Erik Solheim, the UN’s environment head, urged environment secretary Michael Gove to honour his promise to deliver a “green Brexit”.
He called on Mr Gove to ensure that Britain’s departure from the European Union, and the institutions’ regulatory framework, does not lead the UK to ditch the environmental standards it currently has in place.
“Michael Gove promised that [..] there would be no reduction of standards of any sort,” Mr Solheim told the Observer.
“He even added that any change would be to better standards. There was a strong commitment to that from the government. Some of the opponents of the government had doubts about such statements, but that is the stated position from the government and it is a very good one.
“Any dilution and the UK reputation would be damaged. People in government need to make sure that does not happen. We need to make sure they have those standards or improve them, or meet the ones under the European Union.”
Campaigners fear that the UK could end up with less environmental protections that the US after it leaves the EU.
Whitehall is divided on whether to directly transfer the tranche of EU environmental laws upon Brexit.
Mr Gove has publicly said that he favours providing the post-Brexit environmental watchdog with the same powers currently held by the European commission, but the Treasury is understood to be pushing back against the idea due to fears it could impact post-Brexit growth.
In another signal of the divisions within the Conservative Party on the issue, Tory peers helped to inflict the government’s 15th defeat in the Lords last week on an amendment to the EU withdrawal bill which aims to strengthen environmental protections.
Theresa May must now consider whether to allow the bill to pass with the accompanying commitment.
“Michael Gove promised a green Brexit, but as things stand, his toothless watchdog would leave us with a weaker enforcement agency than Trump’s America,” said John Sauven, executive director of Greenpeace UK.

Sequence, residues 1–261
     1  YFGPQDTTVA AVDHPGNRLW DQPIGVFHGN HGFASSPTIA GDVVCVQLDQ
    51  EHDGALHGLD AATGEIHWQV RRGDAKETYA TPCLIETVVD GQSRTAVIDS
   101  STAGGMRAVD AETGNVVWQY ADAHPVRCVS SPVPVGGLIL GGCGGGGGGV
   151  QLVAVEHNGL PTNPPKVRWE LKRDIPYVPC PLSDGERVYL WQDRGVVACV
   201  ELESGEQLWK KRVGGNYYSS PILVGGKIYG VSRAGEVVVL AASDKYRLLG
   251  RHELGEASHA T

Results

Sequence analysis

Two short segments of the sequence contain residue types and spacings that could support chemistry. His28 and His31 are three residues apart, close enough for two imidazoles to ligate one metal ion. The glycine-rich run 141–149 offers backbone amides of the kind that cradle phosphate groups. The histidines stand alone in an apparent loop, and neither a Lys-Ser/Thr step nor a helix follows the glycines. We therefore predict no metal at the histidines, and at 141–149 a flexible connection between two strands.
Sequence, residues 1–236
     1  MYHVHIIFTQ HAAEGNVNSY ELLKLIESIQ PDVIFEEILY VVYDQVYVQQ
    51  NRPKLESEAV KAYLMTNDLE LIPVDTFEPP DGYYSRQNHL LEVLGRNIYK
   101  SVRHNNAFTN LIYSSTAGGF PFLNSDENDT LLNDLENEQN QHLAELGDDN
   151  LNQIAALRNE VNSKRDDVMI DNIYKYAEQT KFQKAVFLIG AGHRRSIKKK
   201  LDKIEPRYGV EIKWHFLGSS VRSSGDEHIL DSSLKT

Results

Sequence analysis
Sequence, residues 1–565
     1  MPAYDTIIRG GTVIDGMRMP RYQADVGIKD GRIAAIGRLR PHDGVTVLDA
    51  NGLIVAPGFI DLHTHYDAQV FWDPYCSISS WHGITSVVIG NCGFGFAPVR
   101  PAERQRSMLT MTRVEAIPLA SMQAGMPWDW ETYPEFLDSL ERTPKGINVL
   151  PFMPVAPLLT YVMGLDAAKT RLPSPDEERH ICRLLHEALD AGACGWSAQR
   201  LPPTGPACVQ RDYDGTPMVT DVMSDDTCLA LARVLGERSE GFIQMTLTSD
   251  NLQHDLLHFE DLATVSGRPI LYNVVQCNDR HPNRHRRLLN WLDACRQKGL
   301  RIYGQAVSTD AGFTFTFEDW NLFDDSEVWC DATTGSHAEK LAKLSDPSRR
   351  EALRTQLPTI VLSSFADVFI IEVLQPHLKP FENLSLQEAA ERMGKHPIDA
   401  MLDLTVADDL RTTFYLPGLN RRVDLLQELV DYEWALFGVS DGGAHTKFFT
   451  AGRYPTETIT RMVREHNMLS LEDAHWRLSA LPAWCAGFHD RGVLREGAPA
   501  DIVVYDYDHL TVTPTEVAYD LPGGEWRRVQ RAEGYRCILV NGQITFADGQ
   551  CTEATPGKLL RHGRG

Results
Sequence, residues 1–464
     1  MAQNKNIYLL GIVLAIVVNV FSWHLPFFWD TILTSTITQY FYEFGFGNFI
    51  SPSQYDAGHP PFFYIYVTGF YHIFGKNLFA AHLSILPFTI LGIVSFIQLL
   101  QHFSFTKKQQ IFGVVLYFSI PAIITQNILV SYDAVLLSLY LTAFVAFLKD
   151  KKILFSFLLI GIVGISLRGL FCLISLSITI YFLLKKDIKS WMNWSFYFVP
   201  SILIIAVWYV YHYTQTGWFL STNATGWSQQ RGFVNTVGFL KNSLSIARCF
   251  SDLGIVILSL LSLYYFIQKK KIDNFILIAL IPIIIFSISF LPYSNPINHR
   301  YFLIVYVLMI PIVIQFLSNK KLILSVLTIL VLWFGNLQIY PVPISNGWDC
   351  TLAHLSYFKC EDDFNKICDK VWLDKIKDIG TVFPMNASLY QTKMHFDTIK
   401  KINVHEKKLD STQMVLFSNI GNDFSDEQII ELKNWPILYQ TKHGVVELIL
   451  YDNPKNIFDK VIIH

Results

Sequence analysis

This intervention from the UN environment chief is a sign of growing concern and shows the world is watching. Nobody voted for a dirty Brexit that leaves our beaches, water and air quality worse off.”
Despite the widespread fears, and uncertainty within government, Mr Gove maintained that Brexit would not threaten the environment.
“We will not weaken environmental protections when we leave the EU,” he told the Observer. “A new environmental principles and governance bill will ensure core environmental principles remain central to government policy and decision-making. This will help us to deliver a green Brexit and the vision set out in our 25-year environment plan.
“But we will only achieve our aims by also creating a strong and objective voice that champions and enforces environmental standards. That’s why our bill will also create an independent and statutory watchdog. This will hold governments to account for delivering their commitments to the natural world.”
The UK was referred to the European Court of Justice last week for its failure to combat illegal levels of air pollution and could face multi million pound fines,
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